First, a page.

Book Review

The Undoing of Arlo Knott

The Undoing of Arlo Knott by Heather Child

What if your life had an ‘undo’ button?

Arlo Knott discovers he can rewind time – just by a minute or two – enough to undo any mistake, say the right thing or impress his friends with his uncanny predictions…

But second chances aren’t all they’re cracked up to be. As wonderful as his new life is, a mistake in Arlo’s traumatic childhood still haunts him and the temptation to undo, undo and keep undoing is too much to resist.

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I got a review copy from the publisher, but the views here are my own.

The book starts off with a relatively normal part of life, until a big accident happens and changes Arlo’s life (but also, after it, he experiences the ability to turn back time for the first time). And we go through Arlo’s life seeing him first come to terms with the “power” he has and then on how he uses it.

As with many “multiple planes/alternative universes” theories, there’s a few “constants” and too many variables after altering things. (There is always a lighthouse, there’s always a man, there’s always a city. – Elizabeth from Bioshock Infinite) Of course, at first Arlo finds it just a neat trick and uses it for his own benefit. This means we get to see him turn form a normal human to one that has the power to change things to suit him and that is definitely not nice to see or read (but very interesting to read at the same time, because usually alternate universes are treated on a “new universe that’s it” or on a “butterfly effect”, but with Arlo we are not sure).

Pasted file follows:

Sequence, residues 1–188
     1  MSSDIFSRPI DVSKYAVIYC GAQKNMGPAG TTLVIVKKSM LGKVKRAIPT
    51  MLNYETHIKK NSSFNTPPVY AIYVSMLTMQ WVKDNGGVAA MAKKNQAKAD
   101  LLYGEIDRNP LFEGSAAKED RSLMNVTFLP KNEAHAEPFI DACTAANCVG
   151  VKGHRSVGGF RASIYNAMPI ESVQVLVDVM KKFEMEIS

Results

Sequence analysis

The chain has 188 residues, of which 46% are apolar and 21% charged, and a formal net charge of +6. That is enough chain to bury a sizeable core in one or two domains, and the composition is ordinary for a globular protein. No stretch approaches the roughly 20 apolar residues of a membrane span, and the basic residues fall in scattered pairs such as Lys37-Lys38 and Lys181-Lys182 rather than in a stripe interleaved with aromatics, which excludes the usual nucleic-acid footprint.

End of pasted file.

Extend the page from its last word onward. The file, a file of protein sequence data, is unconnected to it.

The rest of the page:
As the story moves “forward” we start seeing a lot of what the moving back and “rewinding” to have another go does and potential consequences. I found this intriguing and I felt bad for all the main characters at one point or another but also at times I really disliked Arlo.

My overall feeling with this was that it was pretty well done but sadly I just couldn’t cope with Arlo. He was extremely annoying and I mean, it sounds more realistic to ahve someone like him do stuff like he did than a “hero” ro “Villain” as he is a bit of both. Still, when I finished I was like “neat, that is very interesting, wish we knew more” but at the same time I was like “oh, I just wish he’d stop!”.

If you like alternate universes, butterfly effects, and what ifs panning out and a rewind, this is an interesting read for sure.

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